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In general, women with early stage, low grade endometrioid endometrial cancer can be cured with surgery alone. If patients experience recurrence outside of the vagina, however, their likelihood of death is as high as patients with stage IV disease.1 Historically, histologic characteristics, such as depth of myometrial invasion and lymphatic/vascular space invasion, and clinical characteristics, such as age, have been used to triage patients at highest risk for recurrence and who might benefit from adjuvant therapy.2 However, all gynecologic oncologists can identify more than a few endometrial cancer patients from their practice who inexplicably suffered from recurrence despite favorable characteristics at diagnosis. This is a clear area of unmet need.
Given limitations of clinicopathologic features, researchers are searching for molecular features to identify patients who will have poor outcomes. A number of molecularly relevant biomarkers evaluated previously include estrogen regulation genes,3 DNA ploidy,4 mismatch repair deficiency,5 and homologous recombination deficiency.6 Next generation sequencing has also been used to identify potential prognostic biomarkers, including CTNNB1, TP53, and POLE.7 8 Recently, complex algorithms have been proposed based on findings of The Cancer Genome Atlas, the best developed of which include ProMisE (Proactive Molecular Risk Classifier for Endometrial Cancer)9 and PORTEC (Post Operative Radiation Therapy in Endometrial Carcinoma)-4a.10 However, none of these has yet impacted clinical practice and the care of women with endometrial cancer.
In this issue of the International Journal of Gynecologic Cancer, Stasenko and colleagues11 performed molecular evaluation, including microsatellite instability and deep next generation sequencing, to determine features associated with recurrent low grade, early stage endometrial cancer. One of the clear strengths of the current study was the narrow inclusion criteria limiting patients to only those of lowest risk: grade 1 endometrioid histology without myometrial invasion or lymphatic/vascular invasion. However, this same strength also plagues many similar single-institution, retrospective studies. These stringent criteria are only met by a relatively small number of patients, even at large volume centers. This is further compounded by limitations of accessing and sequencing old tumor blocks, many of which contain only a small amount of tumor at the outset. This is exemplified in the current paper where 211 had microsatellite instability testing but only 36 underwent full genomic profiling. The number of patients required to detect the impact of mutations (whose effects are not all or none) on a rare outcome is already high. When we then evaluate for increasingly complex combinations of mutations and clinical characteristics that are more reflective of real-world practice, this already large number becomes astronomical.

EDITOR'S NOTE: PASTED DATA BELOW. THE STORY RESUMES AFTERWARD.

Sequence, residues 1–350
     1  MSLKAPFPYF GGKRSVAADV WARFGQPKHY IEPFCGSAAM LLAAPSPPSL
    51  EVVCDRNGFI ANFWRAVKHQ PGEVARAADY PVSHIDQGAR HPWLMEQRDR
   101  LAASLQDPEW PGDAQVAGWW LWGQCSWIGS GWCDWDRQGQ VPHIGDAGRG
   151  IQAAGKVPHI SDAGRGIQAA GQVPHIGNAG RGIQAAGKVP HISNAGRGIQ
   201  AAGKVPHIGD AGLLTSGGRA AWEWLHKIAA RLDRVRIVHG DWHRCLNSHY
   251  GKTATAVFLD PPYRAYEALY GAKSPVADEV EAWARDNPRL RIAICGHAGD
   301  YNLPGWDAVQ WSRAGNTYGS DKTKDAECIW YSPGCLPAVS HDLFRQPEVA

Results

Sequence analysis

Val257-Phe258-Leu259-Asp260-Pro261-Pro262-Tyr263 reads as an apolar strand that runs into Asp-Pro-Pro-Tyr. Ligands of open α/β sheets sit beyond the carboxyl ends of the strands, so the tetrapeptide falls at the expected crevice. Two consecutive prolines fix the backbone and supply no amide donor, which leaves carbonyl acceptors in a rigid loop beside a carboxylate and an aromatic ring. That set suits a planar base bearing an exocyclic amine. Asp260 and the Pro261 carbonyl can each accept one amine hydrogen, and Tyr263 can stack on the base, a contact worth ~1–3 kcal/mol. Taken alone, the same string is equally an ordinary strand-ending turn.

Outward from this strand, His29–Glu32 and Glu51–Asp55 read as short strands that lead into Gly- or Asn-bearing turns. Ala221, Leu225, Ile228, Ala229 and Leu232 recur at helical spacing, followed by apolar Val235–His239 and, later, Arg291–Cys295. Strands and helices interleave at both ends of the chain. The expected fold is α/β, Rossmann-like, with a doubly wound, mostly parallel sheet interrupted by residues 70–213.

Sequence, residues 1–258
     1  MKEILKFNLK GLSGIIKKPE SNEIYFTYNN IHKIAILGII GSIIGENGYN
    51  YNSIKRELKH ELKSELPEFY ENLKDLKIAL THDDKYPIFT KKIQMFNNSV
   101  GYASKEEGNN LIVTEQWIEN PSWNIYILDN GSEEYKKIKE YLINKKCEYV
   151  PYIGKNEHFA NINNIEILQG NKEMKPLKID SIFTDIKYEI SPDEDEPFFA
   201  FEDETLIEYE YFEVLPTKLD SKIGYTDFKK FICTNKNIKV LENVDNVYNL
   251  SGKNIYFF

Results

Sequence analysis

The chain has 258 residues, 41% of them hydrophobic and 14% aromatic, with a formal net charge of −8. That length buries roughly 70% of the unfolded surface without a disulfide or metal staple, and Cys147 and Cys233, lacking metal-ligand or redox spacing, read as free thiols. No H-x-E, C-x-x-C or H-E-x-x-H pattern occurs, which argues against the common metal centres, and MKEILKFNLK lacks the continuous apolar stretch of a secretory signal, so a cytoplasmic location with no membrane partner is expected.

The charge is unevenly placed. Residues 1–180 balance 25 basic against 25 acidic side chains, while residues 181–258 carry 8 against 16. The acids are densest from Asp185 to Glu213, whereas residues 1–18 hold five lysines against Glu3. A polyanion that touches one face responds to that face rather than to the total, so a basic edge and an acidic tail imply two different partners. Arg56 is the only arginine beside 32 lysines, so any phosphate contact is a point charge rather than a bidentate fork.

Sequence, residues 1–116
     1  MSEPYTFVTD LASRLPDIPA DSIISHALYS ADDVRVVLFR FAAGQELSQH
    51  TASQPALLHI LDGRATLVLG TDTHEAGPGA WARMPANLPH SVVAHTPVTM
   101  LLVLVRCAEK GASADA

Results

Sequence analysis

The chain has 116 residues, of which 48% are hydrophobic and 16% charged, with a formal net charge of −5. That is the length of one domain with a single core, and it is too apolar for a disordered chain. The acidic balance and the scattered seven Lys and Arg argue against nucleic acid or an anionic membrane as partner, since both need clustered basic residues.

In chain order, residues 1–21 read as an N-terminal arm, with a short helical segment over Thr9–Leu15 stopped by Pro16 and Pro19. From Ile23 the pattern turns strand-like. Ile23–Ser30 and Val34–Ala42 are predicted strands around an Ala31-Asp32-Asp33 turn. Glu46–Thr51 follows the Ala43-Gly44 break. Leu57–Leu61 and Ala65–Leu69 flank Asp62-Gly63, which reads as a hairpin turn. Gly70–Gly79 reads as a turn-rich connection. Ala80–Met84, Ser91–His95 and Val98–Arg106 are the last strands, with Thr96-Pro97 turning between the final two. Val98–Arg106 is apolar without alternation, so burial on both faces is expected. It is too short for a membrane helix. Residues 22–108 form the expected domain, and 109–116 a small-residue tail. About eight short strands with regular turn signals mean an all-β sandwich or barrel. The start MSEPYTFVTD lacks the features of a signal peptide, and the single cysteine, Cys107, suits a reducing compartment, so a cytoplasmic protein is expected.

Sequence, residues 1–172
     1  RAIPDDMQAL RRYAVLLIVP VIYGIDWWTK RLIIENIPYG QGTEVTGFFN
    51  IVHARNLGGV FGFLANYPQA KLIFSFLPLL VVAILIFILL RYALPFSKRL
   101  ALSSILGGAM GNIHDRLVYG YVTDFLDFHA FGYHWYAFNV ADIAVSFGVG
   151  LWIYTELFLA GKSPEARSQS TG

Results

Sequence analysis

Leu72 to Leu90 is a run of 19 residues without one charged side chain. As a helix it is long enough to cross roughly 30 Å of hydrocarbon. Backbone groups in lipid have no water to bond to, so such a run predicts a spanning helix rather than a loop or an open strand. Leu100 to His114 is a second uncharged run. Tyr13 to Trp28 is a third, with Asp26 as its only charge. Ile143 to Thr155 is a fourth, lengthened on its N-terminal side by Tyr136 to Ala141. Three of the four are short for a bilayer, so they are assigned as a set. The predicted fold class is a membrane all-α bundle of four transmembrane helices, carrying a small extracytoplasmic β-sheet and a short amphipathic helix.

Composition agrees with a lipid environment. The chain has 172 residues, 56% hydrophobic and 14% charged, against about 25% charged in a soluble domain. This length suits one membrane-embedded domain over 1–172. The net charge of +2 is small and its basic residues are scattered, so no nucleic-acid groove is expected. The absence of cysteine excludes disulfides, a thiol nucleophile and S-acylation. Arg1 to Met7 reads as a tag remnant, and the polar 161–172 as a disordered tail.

We strongly agree with the authors’ recommendation that future prospective evaluations should be undertaken. Retrospective data are intriguing and hypothesis-generating, but until these molecular markers are evaluated in a prospective manner, it is unlikely treatment algorithms will change. Additionally, simply identifying a high-risk marker is not adequate—an effective treatment must then be identified for at-risk patients. Whether the ideal treatment will include traditional strategies, combining radiation and cytotoxic chemotherapy, or a completely novel therapy approach remains to be seen and will similarly require prospective evaluation. We eagerly anticipate results from PORTEC-4A and other prospective, molecularly driven, clinical trials under development with the hope that, as a field, we can develop and validate new treatment algorithms for women with low risk endometrial cancer.
Contributors Both authors contributed to this Editorial.
Funding The authors have not declared a specific grant for this research from any funding agency in the public, commercial or not-for-profit sectors.
Competing interests Kurnit: Consulting – LEAP Therapeutics. Westin: Research support to institutions – AstraZeneca, ArQule, Clovis Oncology, GSK/Tesaro, Roche/Genentech, Bayer, Novartis, Cotinga Pharmaceuticals. Consulting: AstraZeneca, Clovis Oncology, GSK/Tesaro, Roche/Genentech, Novartis, Eisai, Merck, Pfizer, Circulogene
Patient consent for publication Not required.
Provenance and peer review Commissioned; internally peer reviewed.
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